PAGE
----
The density and diversity of European cities and their city centres may have a greater potential to promote physical activity for transport and leisure time as when compared to Australia, where the structures of the cities are more car-oriented and more heterogeneous regarding walkability . The homogeneity of the walkability measures in our study regions could explain the observed lack of association. Additionally, Paquet et al. (2014) analysed diabetes and prediabetes as one clinical endpoint, which hinders comparability with our results .
However, not all studies have found associations between walkability and T2D. Müller-Riemenschneider and colleagues (2013) reported that after adjustment for individual SES, the previously existing positive effect of walkability on incident T2D disappeared . Nevertheless, the estimates still pointed towards a decreased T2D risk with better walkability.
The only other study we know about that was conducted in the European context found no association between walkability and diabetes in the city of Stockholm . This study only included participants who were taking medication because of their disease. On the one hand, the exclusion of participants with T2D not taking medication could have underestimated the effect . On the other hand, these results could also indicate the homogeneity of walkability measures in European cities, as indicated by our study.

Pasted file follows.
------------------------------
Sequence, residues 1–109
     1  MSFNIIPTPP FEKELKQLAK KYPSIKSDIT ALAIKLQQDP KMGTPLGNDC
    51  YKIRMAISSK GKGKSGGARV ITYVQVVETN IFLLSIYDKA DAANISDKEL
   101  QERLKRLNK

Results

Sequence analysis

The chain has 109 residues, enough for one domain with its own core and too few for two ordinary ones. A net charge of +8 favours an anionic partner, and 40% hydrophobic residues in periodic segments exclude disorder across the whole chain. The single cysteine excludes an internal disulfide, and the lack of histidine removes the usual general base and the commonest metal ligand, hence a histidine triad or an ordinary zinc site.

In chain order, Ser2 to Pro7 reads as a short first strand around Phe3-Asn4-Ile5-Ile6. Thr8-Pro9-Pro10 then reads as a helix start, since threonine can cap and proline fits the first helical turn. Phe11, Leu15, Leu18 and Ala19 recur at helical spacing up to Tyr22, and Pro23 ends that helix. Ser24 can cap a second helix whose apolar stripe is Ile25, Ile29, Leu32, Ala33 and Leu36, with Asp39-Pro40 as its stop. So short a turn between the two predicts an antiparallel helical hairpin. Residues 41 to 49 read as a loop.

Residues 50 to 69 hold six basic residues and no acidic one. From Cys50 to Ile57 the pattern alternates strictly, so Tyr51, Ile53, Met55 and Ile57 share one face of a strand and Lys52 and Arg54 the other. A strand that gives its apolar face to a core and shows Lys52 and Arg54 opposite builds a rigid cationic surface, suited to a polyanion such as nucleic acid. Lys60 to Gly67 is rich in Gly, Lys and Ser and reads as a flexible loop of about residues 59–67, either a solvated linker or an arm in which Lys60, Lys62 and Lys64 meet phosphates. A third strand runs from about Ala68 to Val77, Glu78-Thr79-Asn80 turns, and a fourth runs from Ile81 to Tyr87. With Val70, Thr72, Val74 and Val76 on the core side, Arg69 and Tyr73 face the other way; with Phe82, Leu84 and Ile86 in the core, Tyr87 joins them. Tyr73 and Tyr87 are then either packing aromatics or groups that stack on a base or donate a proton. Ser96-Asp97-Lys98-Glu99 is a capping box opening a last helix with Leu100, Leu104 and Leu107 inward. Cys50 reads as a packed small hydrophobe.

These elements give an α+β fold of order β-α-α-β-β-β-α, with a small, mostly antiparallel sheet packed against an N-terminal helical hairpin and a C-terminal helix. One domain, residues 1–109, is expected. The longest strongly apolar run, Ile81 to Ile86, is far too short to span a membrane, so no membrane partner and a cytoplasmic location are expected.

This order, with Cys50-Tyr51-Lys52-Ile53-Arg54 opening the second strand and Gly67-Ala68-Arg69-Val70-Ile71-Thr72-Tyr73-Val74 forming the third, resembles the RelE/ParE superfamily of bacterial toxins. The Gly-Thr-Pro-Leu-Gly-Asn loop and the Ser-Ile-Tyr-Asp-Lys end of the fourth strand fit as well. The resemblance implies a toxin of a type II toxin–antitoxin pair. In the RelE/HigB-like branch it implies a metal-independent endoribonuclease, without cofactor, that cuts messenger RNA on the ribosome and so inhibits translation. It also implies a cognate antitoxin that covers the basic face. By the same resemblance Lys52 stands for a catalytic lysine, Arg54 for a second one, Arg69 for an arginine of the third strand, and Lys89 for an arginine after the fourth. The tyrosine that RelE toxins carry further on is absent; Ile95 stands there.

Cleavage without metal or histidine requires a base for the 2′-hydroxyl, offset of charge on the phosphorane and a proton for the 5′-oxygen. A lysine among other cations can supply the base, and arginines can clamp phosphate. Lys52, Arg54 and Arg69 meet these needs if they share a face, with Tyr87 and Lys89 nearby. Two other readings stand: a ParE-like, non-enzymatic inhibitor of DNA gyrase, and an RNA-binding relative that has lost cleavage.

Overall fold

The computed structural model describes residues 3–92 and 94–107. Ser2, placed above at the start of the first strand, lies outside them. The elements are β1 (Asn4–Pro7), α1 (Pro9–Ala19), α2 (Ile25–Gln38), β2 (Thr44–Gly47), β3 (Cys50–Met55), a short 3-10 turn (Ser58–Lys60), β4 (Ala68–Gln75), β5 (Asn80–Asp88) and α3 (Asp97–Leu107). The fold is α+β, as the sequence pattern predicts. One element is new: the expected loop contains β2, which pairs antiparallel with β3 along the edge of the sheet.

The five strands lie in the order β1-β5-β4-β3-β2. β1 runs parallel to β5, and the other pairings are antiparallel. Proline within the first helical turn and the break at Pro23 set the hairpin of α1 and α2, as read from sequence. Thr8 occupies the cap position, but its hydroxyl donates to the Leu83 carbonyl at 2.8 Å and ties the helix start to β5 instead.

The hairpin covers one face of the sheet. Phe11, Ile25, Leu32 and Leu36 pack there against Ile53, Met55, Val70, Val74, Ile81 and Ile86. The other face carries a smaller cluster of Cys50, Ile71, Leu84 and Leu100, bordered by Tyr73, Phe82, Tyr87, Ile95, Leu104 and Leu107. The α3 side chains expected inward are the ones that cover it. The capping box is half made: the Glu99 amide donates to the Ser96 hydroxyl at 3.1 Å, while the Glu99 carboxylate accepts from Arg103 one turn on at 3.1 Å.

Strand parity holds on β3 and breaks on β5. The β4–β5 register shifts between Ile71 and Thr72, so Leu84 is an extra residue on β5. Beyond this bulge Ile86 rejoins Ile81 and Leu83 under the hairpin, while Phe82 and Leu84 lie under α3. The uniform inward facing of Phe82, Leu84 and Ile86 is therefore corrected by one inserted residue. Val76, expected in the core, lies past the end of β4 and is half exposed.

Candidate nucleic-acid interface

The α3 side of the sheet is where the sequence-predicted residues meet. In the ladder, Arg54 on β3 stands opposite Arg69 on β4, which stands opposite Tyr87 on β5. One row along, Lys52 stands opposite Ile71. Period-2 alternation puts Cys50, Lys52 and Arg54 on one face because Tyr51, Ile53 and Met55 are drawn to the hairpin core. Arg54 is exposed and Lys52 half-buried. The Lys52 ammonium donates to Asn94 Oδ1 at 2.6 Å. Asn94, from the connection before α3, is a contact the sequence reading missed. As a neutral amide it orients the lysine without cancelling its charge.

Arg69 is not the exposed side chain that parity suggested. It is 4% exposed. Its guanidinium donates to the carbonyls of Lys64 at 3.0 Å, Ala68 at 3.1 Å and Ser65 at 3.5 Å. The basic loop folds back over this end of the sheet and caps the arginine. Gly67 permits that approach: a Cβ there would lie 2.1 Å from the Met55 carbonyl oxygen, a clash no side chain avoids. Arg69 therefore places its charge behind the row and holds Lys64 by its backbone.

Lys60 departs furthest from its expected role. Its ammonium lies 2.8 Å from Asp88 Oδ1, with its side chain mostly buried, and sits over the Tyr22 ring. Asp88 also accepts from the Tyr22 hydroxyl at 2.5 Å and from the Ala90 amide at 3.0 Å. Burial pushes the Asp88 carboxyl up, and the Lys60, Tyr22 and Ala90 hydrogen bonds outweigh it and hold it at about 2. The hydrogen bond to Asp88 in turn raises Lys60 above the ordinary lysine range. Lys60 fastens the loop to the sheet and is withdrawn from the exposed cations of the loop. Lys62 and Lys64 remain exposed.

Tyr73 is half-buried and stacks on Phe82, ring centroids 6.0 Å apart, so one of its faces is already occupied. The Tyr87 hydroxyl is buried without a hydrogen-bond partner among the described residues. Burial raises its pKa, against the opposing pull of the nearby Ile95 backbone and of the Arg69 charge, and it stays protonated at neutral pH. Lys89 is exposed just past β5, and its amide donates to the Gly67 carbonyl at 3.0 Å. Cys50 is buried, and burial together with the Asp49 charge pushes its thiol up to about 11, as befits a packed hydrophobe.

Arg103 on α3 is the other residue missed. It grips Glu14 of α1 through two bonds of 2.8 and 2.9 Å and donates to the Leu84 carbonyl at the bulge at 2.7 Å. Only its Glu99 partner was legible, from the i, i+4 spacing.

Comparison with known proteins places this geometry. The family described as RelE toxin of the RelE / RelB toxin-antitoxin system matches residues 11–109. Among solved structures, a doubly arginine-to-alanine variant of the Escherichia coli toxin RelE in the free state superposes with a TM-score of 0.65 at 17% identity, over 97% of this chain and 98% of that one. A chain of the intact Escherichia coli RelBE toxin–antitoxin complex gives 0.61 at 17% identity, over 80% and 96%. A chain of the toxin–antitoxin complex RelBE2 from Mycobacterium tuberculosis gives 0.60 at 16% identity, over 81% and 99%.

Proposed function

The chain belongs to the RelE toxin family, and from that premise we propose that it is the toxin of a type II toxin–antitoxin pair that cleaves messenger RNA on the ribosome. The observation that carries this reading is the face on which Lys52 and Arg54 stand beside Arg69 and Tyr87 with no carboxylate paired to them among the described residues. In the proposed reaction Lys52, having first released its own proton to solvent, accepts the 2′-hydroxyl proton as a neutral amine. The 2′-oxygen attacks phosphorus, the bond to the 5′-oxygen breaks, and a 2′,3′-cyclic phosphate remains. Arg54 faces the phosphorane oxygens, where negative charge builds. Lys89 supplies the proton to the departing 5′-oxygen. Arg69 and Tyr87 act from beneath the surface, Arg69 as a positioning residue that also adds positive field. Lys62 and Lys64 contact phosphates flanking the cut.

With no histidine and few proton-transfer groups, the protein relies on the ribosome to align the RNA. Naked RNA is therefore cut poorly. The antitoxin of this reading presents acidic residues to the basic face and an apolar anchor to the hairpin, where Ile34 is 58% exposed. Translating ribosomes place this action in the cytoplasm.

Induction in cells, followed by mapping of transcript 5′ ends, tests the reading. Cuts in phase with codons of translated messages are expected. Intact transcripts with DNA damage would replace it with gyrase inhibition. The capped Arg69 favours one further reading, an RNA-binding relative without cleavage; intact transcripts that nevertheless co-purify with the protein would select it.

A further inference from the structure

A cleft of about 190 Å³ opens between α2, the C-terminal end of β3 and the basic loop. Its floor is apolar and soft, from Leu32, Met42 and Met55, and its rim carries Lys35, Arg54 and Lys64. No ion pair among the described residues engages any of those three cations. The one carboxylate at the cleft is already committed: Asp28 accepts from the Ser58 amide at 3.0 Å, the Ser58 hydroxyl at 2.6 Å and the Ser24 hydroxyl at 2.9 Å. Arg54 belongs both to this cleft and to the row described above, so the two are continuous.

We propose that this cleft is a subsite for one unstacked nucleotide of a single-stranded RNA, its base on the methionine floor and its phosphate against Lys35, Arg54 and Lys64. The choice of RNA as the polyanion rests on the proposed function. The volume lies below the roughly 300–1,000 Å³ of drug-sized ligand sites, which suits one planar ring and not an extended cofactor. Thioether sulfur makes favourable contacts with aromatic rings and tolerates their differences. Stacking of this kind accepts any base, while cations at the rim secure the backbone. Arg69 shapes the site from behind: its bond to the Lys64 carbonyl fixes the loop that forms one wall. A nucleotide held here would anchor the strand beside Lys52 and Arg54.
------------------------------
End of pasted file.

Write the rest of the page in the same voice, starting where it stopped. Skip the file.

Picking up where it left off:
Various specific factors could explain the null effect for T2D with more POI and transit stations in our study. First, POI included restaurants and fast food chains. Eating out of home is associated with obesity and could by increasing the T2D risk, diminish any positive effect of walkability . Regarding transit stations, high cost of public transport, low frequency routes and transport that serves only few routes could hinder transport related walking and promote car-dependence, even though public transport is available. Consequently, this would result in a null effect, as observed in our study. Additionally, some environmental factors are associated with high urbanity and with high walkability. These factors, such as air pollution, could at the same time increase the risk of T2D and hence diminish the positive effect walkability has on T2D, which would result in no observable effect . Regarding impedance, we did not observe any associations with T2D. This may be due to different ways of how impedance could work. People living in areas with high impedance could be less likely to walk, which would lead to lower activity and higher T2D risk. However, when it is inconvenient to use a car, activity could increase and T2D risk would decrease. Areas which have different road networks, parking availability and parking cost could be different in the effect impedance has on people’s walking and cycling behavior and hence on their T2D risk. A river as a geographical barrier could hinder transport related walking. At the same time, it could increase leisure time related walking, jogging or cycling for recreation.